One of the most hyped teams in NBA history fell exhaustedly into the playoffs Wednesday.
Appropriately, it happened with only three hours left in the season. Fittingly, it was clinched when they were just standing around.
Ten minutes before the start of their game with the Houston Rockets, the Lakers learned that the Utah Jazz had lost in Memphis, meaning the Lakers were guaranteed the Western Conference’s final playoff spot.
There was no announcement. There was no confetti. There was only the live broadcast of the final seconds of Utah’s loss blaring on the giant Staples Center scoreboard. Their ticket was punched by the image of Al Jefferson with his face buried in his hands.
The Lakers, in the middle of their pregame warmups, barely stirred. The fans, engaged in their pregame texting, barely cheered. Only one person seemed immediately and genuinely excited. You can probably guess.
“And to think some said we wouldn’t make it,” tweeted Kobe Bryant, who added the hashtags #keepcalm, #believe, #makeplayoffs, and #makehistory.
The Lakers certainly would make some sort of history simply by getting out of the first round, where their depleted and underachieving team will now play the West’s second-seeded San Antonio Spurs.
This matchup was set later Wednesday when, needing a victory to avoid the more difficult Oklahoma City Thunder, the Lakers made just enough plays to beat the younger and jittery Rockets, 99-95, in overtime.
Not that it was easy or pretty. The Lakers were moments from winning in regulation when Chandler Parsons found himself open long enough to sink a line-drive three-pointer at the buzzer. The Lakers then survived the overtime with great defense, leading to one of the oddest reactions to one of the oddest proud announcements in Lakers history.
“The Lakers are the seventh seed in the Western Conference playoffs,” intoned public-address announcer Lawrence Tanter, and the crowd roared, and, well, really?
Bryant was earlier Twitter gloating because he predicted a playoff berth long before he suffered his season-ending Achilles’ tendon tear, but, really, should a prediction have even been necessary?
When the season started, this was supposed to be a team destined for at least the NBA Finals. In the summer they added future Hall of Famers Dwight Howard and Steve Nash to a team that already had Bryant and Pau Gasol. It was one of the greatest rosters eve assembled.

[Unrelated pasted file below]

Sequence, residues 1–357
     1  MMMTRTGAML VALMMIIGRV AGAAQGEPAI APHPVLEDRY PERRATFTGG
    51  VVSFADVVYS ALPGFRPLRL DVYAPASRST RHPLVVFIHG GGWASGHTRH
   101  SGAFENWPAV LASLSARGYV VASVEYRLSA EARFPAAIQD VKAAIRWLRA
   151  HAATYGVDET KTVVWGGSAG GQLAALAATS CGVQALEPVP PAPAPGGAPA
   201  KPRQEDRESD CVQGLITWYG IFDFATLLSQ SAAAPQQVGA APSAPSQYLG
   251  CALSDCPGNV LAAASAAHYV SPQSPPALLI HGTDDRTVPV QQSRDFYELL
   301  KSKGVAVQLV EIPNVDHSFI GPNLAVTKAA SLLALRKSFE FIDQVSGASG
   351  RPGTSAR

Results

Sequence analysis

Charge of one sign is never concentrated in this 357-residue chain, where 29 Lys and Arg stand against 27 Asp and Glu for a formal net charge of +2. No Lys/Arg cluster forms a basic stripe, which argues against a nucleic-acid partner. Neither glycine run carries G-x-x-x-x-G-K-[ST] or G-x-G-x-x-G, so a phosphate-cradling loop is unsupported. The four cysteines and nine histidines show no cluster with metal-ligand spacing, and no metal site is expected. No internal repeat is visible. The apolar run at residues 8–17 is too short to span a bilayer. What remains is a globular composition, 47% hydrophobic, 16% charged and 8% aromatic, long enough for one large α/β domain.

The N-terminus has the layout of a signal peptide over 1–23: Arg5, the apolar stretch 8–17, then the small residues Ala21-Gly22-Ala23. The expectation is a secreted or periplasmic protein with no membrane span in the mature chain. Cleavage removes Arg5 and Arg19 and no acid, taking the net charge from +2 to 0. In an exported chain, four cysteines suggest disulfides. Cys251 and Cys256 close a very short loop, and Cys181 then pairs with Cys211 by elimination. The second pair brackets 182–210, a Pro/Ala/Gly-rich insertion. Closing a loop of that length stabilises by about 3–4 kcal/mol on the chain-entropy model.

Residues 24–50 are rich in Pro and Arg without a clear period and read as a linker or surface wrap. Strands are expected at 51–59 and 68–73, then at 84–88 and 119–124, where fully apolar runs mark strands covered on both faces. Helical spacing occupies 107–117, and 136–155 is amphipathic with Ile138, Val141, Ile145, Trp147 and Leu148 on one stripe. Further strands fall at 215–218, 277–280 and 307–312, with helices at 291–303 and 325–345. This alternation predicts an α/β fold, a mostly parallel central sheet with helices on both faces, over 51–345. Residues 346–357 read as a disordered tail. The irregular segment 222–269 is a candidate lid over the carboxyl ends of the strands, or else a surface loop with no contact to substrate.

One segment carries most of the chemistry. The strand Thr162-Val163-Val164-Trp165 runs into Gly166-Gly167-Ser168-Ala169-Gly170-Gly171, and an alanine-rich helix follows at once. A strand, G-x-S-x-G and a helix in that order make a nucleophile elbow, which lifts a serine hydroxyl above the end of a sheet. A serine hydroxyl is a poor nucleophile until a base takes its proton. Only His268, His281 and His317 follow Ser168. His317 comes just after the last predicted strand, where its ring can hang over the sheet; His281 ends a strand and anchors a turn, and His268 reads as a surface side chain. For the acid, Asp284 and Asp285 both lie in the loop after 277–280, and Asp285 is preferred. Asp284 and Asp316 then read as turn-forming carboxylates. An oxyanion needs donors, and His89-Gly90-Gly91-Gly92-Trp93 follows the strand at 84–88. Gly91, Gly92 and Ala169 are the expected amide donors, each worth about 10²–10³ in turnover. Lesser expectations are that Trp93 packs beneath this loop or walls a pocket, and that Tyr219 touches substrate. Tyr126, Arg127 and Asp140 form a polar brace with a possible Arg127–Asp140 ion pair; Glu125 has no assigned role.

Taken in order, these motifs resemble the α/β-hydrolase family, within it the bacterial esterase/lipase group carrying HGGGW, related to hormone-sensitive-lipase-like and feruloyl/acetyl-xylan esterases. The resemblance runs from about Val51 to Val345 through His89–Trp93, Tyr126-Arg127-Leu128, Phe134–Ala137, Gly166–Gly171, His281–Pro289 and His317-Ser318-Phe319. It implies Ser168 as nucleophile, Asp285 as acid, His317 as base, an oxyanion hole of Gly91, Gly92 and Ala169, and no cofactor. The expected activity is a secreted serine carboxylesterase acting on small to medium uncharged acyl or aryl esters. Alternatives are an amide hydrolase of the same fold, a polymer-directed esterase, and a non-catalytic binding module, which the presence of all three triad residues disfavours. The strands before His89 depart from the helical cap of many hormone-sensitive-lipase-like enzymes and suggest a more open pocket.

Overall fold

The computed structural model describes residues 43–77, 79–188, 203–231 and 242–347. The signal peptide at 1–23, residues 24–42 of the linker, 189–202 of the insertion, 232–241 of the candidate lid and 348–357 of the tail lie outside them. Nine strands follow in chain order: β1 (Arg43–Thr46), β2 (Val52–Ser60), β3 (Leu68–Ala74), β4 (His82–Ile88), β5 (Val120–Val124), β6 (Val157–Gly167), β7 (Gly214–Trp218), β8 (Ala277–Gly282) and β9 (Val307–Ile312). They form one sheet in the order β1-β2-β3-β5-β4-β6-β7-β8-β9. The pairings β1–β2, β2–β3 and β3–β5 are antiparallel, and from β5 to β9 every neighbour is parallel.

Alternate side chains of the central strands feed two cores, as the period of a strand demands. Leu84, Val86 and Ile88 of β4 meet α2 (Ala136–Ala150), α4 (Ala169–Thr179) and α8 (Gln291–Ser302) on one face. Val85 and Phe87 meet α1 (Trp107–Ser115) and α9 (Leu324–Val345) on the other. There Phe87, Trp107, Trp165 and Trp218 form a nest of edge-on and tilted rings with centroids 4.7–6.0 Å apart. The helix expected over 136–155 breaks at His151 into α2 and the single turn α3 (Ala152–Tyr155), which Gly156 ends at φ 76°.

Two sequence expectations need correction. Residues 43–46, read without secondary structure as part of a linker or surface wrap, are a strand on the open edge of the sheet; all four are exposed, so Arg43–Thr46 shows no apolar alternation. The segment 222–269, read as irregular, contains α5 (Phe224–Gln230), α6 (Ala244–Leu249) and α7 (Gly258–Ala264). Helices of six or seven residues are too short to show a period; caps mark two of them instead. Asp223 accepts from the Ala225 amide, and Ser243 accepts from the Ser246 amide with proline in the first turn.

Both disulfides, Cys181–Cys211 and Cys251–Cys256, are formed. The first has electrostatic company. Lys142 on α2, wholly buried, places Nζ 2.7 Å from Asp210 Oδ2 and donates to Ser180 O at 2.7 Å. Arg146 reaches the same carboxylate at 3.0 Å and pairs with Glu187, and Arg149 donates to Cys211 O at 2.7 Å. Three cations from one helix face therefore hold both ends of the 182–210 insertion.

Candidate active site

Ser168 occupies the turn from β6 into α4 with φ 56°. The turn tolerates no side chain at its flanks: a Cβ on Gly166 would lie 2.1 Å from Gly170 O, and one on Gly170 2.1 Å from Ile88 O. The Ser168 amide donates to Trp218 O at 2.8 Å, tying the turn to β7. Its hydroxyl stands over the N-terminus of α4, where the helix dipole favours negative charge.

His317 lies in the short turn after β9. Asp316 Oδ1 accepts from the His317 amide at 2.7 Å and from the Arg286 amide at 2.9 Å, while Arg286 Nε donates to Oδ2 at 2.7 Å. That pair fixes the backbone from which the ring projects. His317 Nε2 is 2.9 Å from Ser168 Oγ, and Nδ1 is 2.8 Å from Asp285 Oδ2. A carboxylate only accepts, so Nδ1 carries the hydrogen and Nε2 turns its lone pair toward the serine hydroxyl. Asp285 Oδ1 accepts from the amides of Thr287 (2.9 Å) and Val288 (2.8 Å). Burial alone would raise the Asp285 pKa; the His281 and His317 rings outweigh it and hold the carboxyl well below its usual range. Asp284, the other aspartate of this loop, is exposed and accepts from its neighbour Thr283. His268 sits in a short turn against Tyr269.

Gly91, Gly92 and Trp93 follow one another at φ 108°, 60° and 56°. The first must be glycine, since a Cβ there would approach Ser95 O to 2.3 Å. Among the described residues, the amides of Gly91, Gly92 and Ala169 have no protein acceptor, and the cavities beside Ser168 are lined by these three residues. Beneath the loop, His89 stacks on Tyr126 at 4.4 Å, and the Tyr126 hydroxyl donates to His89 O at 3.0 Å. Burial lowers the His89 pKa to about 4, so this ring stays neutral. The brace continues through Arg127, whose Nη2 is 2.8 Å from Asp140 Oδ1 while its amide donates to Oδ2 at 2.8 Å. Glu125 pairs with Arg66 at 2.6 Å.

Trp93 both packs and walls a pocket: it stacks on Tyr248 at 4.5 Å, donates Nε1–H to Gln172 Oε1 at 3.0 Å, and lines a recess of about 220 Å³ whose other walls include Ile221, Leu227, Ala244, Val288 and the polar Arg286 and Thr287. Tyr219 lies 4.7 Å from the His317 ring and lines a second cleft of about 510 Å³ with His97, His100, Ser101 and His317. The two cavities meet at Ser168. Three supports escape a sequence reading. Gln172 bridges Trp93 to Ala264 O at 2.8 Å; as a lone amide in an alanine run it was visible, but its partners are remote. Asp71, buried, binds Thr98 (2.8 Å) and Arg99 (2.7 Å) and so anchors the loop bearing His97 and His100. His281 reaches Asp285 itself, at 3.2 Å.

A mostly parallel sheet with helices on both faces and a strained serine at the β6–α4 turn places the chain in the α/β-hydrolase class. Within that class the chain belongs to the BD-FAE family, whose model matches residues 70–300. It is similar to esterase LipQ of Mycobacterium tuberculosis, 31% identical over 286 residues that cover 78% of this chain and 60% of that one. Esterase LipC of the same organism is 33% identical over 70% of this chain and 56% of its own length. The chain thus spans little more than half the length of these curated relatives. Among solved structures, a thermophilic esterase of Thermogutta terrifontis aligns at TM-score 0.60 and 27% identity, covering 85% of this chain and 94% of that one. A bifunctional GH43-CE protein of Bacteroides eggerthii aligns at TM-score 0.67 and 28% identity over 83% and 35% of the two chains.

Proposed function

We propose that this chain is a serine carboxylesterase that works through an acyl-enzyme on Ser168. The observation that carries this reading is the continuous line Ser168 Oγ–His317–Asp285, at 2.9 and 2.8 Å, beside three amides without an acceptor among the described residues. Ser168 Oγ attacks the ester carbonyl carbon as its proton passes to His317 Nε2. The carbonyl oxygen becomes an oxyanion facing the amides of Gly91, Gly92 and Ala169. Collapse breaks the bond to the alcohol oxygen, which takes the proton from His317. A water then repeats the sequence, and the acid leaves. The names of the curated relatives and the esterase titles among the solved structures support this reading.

Then the late great owner Jerry Buss’ prostate cancer worsened, and the Lakers’ impatience became panic, and Coach Mike Brown was fired after just five games. With Jim Buss using his ego instead of brains, Phil Jackson was snubbed and Mike D’Antoni was hired, thus creating a match made in seventh place.
The Lakers will blame this season’s troubles on the rash of injuries, but the real problem was the Grade 3 separation between the coach’s philosophy and the players’ abilities.
D’Antoni wanted to run, yet the Lakers were too big and creaky to run. D’Antoni didn’t preach defense, and the Lakers used that excuse to ignore it.
Would the greatest coach in NBA history have figured out a better way? Wouldn’t you have liked to see Jackson get a chance?
Despite a brilliant resurgence by Bryant, the most memorable Staples Center chant was, “We want Phil.” Despite the eventual healing of Howard’s back, his most compelling moments were when he complained about not having enough touches.
D’Antoni decided that Gasol couldn’t play at the same time as Howard. Then D’Antoni decided that he could.
Nash was hurt for so long, his return was anticipated as if he was a sort of savior. Except when he played, he was so lost in this aimless and confused offense, you hardly knew he was there.
Bryant played so many minutes in attempting to drag this team out of the muck, his body finally broke in the final moments of a game last week.
By Wednesday night, the season had been completely turned on its head.
Just ask Steve Blake. Back in the fall, Blake was fined for yelling back at a prominent but heckling season-ticket holder. On Wednesday, Blake was the toast of the building with his Lakers career-high 24 points and the clinching free throws.
“Everybody’s wondering how long we can sustain this, whether we can actually win without Kobe,” said Antawn Jamison said late Wednesday night. “Well, we believe.”
It’s Blake’s team now. It’s Howard’s team. It’s Gasol’s team. It’s not yet, however, destiny’s team, unless destiny has one heck of a sense of humor.